By Colin Field.
There’s nothing like a couple of deaths in the spring to throw your whole perspective for a loop. Spring, the great literal bringer of life, isn’t always so. Sometimes lives end in the spring. At the funerals held in great antiseptic halls, tears are shed and the life lived is grieved upon. But while ceremony can help heal the pain of loss, there is something disheartening about the whole thing. It’s the finality of death and realization that life really is a raw deal: it’s too short; there are no answers to the big questions; and funerals are the only trigger to get you contemplating the whole thing. But we leave behind the grief and go upon our way. Soon enough, I found myself swishing down a slope, the grey sky that’s all too prevalent in the mountains blocking out the life-affirming sun. And while I knew I should be having the time of my life, there was something nagging in the back of my mind. Again it was the uncertainty of life. The injustice.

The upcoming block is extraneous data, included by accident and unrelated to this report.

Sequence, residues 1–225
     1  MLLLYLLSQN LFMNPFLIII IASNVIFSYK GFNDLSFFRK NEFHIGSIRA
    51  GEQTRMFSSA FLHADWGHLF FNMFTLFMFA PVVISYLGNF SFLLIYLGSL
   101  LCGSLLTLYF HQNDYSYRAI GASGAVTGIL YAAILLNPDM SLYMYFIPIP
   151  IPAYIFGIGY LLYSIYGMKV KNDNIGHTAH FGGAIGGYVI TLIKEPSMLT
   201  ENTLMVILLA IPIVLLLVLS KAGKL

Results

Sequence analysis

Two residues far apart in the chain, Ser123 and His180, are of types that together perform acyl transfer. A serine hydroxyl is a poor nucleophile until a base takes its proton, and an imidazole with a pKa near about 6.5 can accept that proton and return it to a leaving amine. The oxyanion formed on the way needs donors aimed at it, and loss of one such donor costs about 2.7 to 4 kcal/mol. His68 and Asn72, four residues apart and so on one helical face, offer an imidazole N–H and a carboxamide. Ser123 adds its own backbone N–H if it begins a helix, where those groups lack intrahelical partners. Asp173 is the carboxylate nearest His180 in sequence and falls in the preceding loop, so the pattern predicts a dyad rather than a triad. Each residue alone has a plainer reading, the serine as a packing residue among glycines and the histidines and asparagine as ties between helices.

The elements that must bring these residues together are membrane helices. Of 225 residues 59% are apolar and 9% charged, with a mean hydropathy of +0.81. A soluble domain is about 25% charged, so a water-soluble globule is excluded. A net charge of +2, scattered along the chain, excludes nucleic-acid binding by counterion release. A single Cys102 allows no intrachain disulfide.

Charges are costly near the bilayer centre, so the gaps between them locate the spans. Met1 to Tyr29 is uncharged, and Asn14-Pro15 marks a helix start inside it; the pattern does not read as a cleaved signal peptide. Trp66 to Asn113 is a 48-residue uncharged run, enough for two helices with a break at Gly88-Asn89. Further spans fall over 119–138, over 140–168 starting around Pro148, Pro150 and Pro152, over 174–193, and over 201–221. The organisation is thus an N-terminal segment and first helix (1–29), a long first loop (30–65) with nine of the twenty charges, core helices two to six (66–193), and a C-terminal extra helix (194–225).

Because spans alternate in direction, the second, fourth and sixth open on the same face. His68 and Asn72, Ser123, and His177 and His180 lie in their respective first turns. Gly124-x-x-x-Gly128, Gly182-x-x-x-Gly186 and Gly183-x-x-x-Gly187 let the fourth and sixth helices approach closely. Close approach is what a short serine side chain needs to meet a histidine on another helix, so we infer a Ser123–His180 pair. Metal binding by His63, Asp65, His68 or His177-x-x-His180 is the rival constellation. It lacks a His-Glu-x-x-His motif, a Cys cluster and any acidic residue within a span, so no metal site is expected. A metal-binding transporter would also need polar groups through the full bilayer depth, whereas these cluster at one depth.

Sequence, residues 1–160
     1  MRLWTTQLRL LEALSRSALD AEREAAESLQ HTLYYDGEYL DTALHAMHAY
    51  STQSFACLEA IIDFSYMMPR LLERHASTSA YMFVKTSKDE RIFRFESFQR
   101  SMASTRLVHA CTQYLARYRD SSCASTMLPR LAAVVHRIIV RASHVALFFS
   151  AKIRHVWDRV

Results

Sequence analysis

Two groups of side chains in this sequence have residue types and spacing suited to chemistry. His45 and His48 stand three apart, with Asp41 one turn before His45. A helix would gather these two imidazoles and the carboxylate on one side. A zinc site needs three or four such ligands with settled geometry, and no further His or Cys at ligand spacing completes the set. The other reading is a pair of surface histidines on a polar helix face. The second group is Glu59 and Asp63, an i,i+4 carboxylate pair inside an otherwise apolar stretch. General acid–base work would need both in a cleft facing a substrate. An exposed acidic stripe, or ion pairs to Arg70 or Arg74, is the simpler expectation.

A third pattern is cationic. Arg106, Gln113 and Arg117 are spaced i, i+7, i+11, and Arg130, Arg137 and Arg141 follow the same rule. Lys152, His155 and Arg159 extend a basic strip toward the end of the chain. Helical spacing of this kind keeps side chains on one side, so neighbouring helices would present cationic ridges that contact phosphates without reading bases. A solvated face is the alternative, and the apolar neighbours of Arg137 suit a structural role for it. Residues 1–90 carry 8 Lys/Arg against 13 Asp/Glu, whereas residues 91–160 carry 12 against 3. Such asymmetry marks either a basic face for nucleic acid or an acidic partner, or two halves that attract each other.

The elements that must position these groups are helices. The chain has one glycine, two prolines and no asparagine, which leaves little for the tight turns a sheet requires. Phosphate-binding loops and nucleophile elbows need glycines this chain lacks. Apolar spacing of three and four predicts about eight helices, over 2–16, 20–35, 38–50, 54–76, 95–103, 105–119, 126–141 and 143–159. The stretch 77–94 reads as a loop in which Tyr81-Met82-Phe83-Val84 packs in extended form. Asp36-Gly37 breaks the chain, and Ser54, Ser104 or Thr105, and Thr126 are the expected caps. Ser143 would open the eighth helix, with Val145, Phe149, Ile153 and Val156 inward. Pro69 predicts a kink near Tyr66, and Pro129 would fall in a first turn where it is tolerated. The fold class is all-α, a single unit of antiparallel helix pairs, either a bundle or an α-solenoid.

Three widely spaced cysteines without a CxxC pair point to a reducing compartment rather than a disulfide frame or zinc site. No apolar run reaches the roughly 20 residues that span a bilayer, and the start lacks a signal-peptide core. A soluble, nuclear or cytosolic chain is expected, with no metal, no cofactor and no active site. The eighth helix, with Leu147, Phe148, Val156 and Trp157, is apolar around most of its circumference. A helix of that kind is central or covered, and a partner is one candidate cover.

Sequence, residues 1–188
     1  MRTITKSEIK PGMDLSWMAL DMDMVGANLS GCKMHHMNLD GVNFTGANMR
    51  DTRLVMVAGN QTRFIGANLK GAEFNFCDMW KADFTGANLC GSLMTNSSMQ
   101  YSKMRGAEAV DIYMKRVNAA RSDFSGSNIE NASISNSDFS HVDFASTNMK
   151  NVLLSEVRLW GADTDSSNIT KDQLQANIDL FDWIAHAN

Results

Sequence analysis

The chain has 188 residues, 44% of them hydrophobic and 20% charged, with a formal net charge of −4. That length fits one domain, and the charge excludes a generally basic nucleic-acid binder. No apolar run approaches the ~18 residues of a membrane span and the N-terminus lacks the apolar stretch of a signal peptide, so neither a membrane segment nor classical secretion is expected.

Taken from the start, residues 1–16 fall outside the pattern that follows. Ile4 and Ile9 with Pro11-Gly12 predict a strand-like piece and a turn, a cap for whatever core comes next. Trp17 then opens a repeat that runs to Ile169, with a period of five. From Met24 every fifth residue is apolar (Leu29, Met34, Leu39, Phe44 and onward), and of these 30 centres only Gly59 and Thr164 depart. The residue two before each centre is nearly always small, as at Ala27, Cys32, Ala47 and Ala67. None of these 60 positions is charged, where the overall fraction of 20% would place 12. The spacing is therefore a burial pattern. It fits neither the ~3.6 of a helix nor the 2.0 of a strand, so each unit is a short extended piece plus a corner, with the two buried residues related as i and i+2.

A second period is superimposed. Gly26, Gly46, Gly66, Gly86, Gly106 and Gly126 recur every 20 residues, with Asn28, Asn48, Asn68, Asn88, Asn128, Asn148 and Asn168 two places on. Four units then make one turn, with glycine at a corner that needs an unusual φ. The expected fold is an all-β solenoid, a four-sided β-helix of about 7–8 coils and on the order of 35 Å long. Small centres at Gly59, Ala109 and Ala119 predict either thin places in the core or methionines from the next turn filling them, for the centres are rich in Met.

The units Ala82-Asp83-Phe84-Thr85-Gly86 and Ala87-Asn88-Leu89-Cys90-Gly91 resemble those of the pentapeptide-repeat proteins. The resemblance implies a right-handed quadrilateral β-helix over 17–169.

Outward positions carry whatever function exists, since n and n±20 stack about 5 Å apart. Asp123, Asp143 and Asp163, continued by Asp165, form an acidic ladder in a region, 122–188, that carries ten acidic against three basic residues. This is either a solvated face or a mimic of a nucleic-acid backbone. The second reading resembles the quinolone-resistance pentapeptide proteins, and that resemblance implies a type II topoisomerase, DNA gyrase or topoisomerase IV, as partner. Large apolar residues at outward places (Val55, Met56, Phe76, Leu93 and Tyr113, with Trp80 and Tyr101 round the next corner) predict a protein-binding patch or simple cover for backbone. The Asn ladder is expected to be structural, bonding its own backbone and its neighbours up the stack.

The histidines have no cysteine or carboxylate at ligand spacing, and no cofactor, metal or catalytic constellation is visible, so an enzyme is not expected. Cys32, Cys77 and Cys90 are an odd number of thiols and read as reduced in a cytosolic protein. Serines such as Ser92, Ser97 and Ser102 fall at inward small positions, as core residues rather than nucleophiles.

The mystery. As if I were just going through the motions.
There are times in all our lives where we struggle more with these eternal questions—the angst-ridden teen years, the dramatic 30th birthday, retirement, or the news of a terminal disease. It just isn’t fair. But here I was “working,” swishing down a mountain doing something that many can only dream of. I don’t have the right to be depressed about anything. There are people in the world that can’t afford to feed their children. How can anyone go on living in such a godless universe?
As the sun finally broke through the clouds and the overcast day turned to perfect toque-free spring skiing, I found myself stopped below the crew, watching as they carved, slid and jumped down to where I stood. As they laughed and whooped, I thought, “Look at these people. They’re hilarious. So what if the worst is true? What if this really is it? How could I let this unbelievable experience on Mother Earth pass me by? How can anything be as pure-hearted as having fun and playing in the sun in the mountains with gravity and new friends?” A spring day on the slopes is a miracle like no other. The perfect mixture of warmth, sunlight, gravity, snow and nature herself is proof that if the universe is godless, at least the planet isn’t. Heaven could only hope to be as fun.
You can’t spend your life adrift in the sadness of lost friends and loved ones. If anything, they’re the ones that would want you to celebrate life the most. When it comes to life after death, “maybe” is all we’ve got. As I dropped into the corn of a perfectly spaced glade run, I finally relaxed enough to let the beauty of life seep back in. And, in the wake of spring death, I actually began to enjoy myself.